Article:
My internship in Washington, D.C. ended Friday, bringing to a close two exceptional months. Now, I'm back home in Pittsburgh for a few weeks, with lots of free time on my hands and a renewed sense of conviction and excitement for the upcoming Pitt football season. Therefore, I plan on spending the coming days
drinking, gambling, and poolside lounging fully immersing myself back into the Pitt blogosphere. It's good to be back, and it's good to have college football on the horizon. Today we'll pick up with our examination of the Nitro Defense, taking a look at the Panthers' defensive backs.
Redshirt junior Jarred Holley will return at free safety and will be looked to as a leader in the defensive backfield. Holley started all 13 games for Pitt last year, collecting 54 tackles and five interceptions, good for second-team All-Big East honors. He also saw significant playing time in 2009, starting eight games. I'm a big fan of Holley, but there's basically nobody behind him on the bench. According to the spring football prospectus, walk-ons Todd Gilchrist and Steve Valenza will provide the depth at free safety. Yikes. At strong safety, redshirt junior Andrew Taglianetti will likely get the nod, having notched 15 tackles and two blocked punts last year as a reserve safety and special teams player. Redshirt sophomore Jason Hendricks will also see significant playing time, if not start. In his first active season, Hendricks started five games last year at strong safety, racking up 42 tackles and a fumble recovery. I expect Taglianetti and Hendricks to push one another leading to some positive performance, but the general lack of depth at safety is troubling. I think Holley, Tags, and Hendricks are all fine players, especially with another year of experience under their belts, but how well they'll be able to patrol the backfield sans Dom DeCicco is a question of mine.
Senior Antwuan Reed returns as a starter after gathering 40 tackles, six pass breakups, and one interception in 12 games last year. He also saw playing time in 2008 and 2009, making him the most experienced player in Pitt's secondary. Senior Saheed Imoru, a junior college transfer last season, and talented redshirt frosh Brandon Ifill will also vie for playing time. Both are largely unproven, but I like the depth they offer behind a veteran Reed. At the other corner position, redshirt senior Buddy Jackson is looking to grab the starting job after a great spring during which he was named the Ed Conway Award Winner, given to the most improved player during spring drills. For reasons I'm not sure of, Jackson never saw much playing time under Dave Wannstedt and allegedly had some attitude problems, but he seems to have gotten his act together and really wants to prove himself. If he doesn't, sophomore K'Waun Williams will step in. Williams saw consequential playing time as a true freshman last year as he started in the BBVA Compass Bowl and recorded a team-high 9 tackles. Not bad for a first collegiate start.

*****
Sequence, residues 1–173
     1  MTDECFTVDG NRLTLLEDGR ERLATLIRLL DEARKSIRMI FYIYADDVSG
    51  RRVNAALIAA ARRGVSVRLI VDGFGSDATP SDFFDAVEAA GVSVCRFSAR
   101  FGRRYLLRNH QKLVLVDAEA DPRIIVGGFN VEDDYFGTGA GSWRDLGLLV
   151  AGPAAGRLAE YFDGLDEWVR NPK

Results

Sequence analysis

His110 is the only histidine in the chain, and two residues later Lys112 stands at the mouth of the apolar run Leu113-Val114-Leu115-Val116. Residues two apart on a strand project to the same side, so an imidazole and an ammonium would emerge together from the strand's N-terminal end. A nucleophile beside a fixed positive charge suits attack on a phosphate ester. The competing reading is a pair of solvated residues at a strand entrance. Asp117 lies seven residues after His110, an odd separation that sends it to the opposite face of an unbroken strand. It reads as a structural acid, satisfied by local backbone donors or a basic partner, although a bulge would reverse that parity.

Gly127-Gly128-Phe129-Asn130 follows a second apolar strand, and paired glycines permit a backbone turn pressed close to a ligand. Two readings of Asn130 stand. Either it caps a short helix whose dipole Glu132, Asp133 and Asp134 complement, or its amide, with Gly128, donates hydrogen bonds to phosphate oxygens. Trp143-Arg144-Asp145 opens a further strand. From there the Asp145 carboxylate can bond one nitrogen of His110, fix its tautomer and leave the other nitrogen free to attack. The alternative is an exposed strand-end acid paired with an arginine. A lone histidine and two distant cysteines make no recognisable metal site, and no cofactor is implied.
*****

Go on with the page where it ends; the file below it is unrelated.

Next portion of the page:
Due to the inherent difficulty of the position, I've always felt that secondary is kind of a natural weak spot on every team. I don't expect that to be much different for Pitt this year. This group certainly has talent and experience, but also a fair amount of question marks. With some of the recent transfers Todd Graham was able to bring in, plus the addition of heralded recruit Lafayette Pitts, this group has the definite potential to become very good in a year or two. This year, if the starters can stay healthy, the defensive backfield should be solid for Pitt in 2011; if not, they could easily become the most maligned group on the team. Next time, we'll take a quick look at special teams and then move on to part three of the summer study: The Best Coaching Staff in the Country.